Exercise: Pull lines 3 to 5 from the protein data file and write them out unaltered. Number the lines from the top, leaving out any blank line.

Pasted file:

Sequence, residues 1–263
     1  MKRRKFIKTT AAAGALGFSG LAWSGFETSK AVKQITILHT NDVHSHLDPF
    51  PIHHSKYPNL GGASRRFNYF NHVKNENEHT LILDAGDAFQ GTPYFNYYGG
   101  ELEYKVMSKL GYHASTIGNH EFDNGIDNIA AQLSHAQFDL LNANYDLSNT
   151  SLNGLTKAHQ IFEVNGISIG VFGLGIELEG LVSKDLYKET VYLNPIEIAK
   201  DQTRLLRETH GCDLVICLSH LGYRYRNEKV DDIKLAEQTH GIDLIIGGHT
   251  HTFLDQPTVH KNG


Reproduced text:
    51  PIHHSKYPNL GGASRRFNYF NHVKNENEHT LILDAGDAFQ GTPYFNYYGG
   101  ELEYKVMSKL GYHASTIGNH EFDNGIDNIA AQLSHAQFDL LNANYDLSNT
   151  SLNGLTKAHQ IFEVNGISIG VFGLGIELEG LVSKDLYKET VYLNPIEIAK